Updated on March 23, 2017 10:49:45 AM EDT
Februarys New Home Sales was the first of this morning’s two pieces of economic data. The Commerce Department announced at 8:30 AM ET that sales of newly constructed homes rose 6.1% last month, exceeding expectations. This points towards stronger growth in the new home portion of the housing sector, making the data negative for bonds and mortgage rates.
Also posted early this morning was last week’s unemployment figures that showed 258,000 new claims for unemployment benefits were filed last week. This was higher than the 240,000 that was expected and an increase from the previous week’s revised 243,000 initial claims. Because rising claims is a sign of a weakening employment sector, we can consider this news positive for mortgage rates.
We are also watching political current events that are likely to cause at least a short-term move in the markets. The House of Representatives is expected to vote on their proposed Health Care plan. What we can expect is a knee-jerk reaction once the vote is finalized. If it passes the House, I believe we will see negative reaction in bonds and quite possibly, upward revisions to rates. On the other hand, failure to vote or even no vote would signal President Trump’s pro-business and pro-economic growth agenda may not come into fruition after all. Since stocks have rallied and bonds have fallen (higher yields and mortgage rates) since the election based on that agenda, we should see stocks backtrack and bonds rally.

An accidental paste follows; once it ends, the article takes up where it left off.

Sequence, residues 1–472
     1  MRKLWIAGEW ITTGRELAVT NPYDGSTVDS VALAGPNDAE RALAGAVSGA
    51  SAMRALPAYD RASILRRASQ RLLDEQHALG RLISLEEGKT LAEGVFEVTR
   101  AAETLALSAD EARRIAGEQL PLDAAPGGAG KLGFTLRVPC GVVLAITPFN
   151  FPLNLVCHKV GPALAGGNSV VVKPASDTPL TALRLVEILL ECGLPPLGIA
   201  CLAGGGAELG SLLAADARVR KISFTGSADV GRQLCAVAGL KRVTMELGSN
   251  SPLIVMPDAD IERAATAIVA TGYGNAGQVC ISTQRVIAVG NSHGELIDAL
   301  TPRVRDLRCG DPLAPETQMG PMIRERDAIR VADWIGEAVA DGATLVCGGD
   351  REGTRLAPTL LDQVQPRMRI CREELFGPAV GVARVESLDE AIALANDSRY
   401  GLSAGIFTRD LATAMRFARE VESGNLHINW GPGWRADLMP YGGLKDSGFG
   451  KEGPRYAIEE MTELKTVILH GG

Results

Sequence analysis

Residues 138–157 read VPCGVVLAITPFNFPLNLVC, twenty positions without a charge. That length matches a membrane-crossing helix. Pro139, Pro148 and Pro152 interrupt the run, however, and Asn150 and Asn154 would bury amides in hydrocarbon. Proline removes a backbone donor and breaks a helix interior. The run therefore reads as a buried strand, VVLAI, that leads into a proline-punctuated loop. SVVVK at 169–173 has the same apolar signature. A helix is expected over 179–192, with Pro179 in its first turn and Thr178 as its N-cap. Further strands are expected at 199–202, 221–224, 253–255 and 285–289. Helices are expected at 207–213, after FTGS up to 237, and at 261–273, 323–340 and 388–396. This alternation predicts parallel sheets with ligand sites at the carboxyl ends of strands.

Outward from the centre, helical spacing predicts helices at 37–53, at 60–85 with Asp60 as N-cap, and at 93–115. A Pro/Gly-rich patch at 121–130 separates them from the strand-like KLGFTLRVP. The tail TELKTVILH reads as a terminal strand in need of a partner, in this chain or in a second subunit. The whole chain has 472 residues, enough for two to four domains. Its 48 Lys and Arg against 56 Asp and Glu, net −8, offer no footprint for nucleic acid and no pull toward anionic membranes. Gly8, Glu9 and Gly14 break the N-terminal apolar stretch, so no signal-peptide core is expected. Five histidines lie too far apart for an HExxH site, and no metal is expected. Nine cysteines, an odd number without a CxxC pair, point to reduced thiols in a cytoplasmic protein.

Tomorrow’s only relevant economic data will be Februarys Durable Goods Orders at 8:30 AM ET. This Commerce Department report gives us a measurement of manufacturing sector strength by tracking new orders for big-ticket items, or products that are expected to last three or more years such as electronics, appliances and airplanes. This data is known to be volatile from month to month but is still considered to be of fairly high importance to the markets. Analysts are expecting it to show an increase in new orders of approximately 1.3%. A larger increase in orders would be considered negative for bonds as it would indicate strength in the manufacturing sector and could lead to higher mortgage rates Friday morning. Since these orders are volatile, it will take a wider variance from forecasts for it to move mortgage rates than other data requires.
©Mortgage Commentary 2017